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Fausset's Bible Dictionary [1]

 2 Samuel 21:19. Father of Elhanan, a Bethlehemite, who slew Goliath (KJV "the brother of Goliath," to accord with  1 Chronicles 20:5 and not to contradict 1 Samuel 17 where David kills Goliath). But the true reading is  1 Chronicles 20:5; "Elhanan, the son of Jair, slew Lahmi ( Eth Lahmi being altered into Βethlehemi ), the brother of Goliath ( Eth Goliath being substituted for Ahiy Goliath ). The change was the more readily made as Lahmi's spear is described exactly as Goliath's ( 1 Samuel 17:7). (See Elhanan .) Oregim, "weavers," is a transcriber's accidental interpolation after "Jair," taken from the latter part of the verse. The ancient versions agree with the present Hebrew text, which shows the error is of very ancient date.

Hastings' Dictionary of the Bible [2]

Jaare-Oregim . According to   2 Samuel 21:19 , the name of the father of Elhanan, one of David’s heroes; but according to   1 Chronicles 20:5 his name was plain Jair. Obviously oregim (‘weavers’) has crept in from the next line. See Elhanan.

W. F. Cobb.

Smith's Bible Dictionary [3]

Ja'are-or'egim. (Forests Of The Weavers).  2 Samuel 21:19. A Bethlehemite, and the father of Elhanan, who slew Goliath. In the parallel passage,  1 Chronicles 20:5, Jair is found instead of Jaare, and Oregim is omitted. (B.C. 1063).

Holman Bible Dictionary [4]

 1 Chronicles 20:5  2 Samuel 23:24Kiriath-Jearim

Easton's Bible Dictionary [5]

 2 Samuel 21:19 1 Chronicles 20:5

Cyclopedia of Biblical, Theological and Ecclesiastical Literature [6]

(Hebrew Yaarey' Oregim', אֹרְגַים יִעֲרֵי ; Sept. Ἀριωργίμ , Vulg. Saltus Polymitariuss), according to the present text of  2 Samuel 21:19, a Bethlehemite, and the father of Elhanan, who slew Goliath (the words "the brother of" are added in the A.Vers.). In the parallel passage ( 1 Chronicles 20:5), besides other differences. JAIR is found instead of Ja Ä re, and Oregin is omitted. Oregin is not elsewhere found as a proper name, nor is it a common word; and occurring as it does without doubt at the end of the verse (Auth.Vers. "weavers"), in a sentence exactly parallel to that in  1 Samuel 17:7, it is not probable that it should also occur in the middle of the same. The conclusion of Kennicott (Dissertation, p. 80) appears to be a just one-that in the latter place it has been interpolated from the former, and that Jair or Ja Ä r is the correct reading instead of Jaare. (See Elhanan).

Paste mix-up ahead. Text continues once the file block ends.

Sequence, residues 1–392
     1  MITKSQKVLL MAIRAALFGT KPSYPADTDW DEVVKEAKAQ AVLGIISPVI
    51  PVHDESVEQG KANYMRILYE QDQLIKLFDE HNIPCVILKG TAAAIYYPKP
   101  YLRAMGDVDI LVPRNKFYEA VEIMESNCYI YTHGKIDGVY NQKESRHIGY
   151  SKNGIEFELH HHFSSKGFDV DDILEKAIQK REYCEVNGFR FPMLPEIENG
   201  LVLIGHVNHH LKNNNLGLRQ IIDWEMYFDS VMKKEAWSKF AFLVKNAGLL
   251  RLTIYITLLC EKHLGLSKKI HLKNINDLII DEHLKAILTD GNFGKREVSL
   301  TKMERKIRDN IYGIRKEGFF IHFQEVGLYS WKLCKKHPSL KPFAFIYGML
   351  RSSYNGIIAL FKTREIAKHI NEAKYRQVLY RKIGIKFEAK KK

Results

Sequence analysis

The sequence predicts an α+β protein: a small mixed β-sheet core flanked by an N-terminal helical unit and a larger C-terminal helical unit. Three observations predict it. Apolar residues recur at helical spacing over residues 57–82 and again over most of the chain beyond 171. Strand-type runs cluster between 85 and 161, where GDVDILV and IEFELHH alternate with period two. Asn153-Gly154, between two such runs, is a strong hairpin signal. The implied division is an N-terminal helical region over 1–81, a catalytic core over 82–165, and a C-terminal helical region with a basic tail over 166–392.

Still the agreement of the ancient versions with the present Hebrew text affords a certain corroboration to that text, and should not be overlooked. (See Jair).

The Peshito, followed by the Arabic, substitutes for Ja Ä re-Oregim the name "Malaph The Weaver," to the meaning of which we have no clew. The Targum, on the other hand, doubtless anxious to avoid any apparent contradiction of the narrative in 1 Samuel 17, substitutes David for Elhanan, Jesse for Ja Ä re, and is led by the word Oregin to relate or possibly to "invent a statement as to Jesse's calling" And David, son of Jesse, weaver of the veils of the house of the sanctuary. who was of Bethlehem, slew Goliath the Gittite." By Jerome Ja Ä re is literally translated "damask-weavers' grove" (compare Quaestionis Hebraica on both passages). In Josephus's account (Ant. 7, 12, 2) the Israelit-ish champion is said to have been "Nephan, the kinsman of David" ( Νεφάνος Συγγενὴς Αὐτοῦ ); the word kinsman perhaps referring to the Jewish tradition of the identity of Jair and Jesse, or simply arising from the mention of Bethlehem. In the received Hebrew text Jaare is written with a small or suspended R, showing that in the opinion of the Masoretes that letter is uncertain. Smith. The Jewish Midrashim generally identify David with Elhanan, and interpret Jaare-Oregim fancifully; e.g.

(1) as David's own name, "because he was great among the forest [of the] Oregim or Weavers [of the Law]; i.e. the Sanhedrim, who brought the Halachah (legal decisions) before him that he might weave it," as it were (Jalkut on  2 Samuel 21:19 sq.); or

(2) it is David's name as the son of a mother who " wove veils for the sanctuary;" or

(3) as an epithet of Jesse. (See Oregim).

International Standard Bible Encyclopedia [7]

jā´a - rē̇ - ôr´ē̇ - jim , - ôr´e - gim ( יעריה ארגים , ya‛ărē'ōreghı̄m ): In   2 Samuel 21:19 , given as the name of a Bethlehemite, father of Elhanan, who is said to have slain Goliath the Gittite (compare 1 Sam 17). The name is not likely to be a man's name; the second part means "weavers" and occurs also as the last word of the verse in the Massoretic Text, so it is probably a scribal error here due to repetition. The first part is taken to be (1) an error for יעיר , yā‛ı̄r (see Jair ), which is to be read in the parallel section in  1 Chronicles 20:5; (2) in  2 Samuel 23:24 Elhanan is the son of Dodo, also a Bethlehemite, and Klostermann would read here Dodai as the name of Elhanan's father.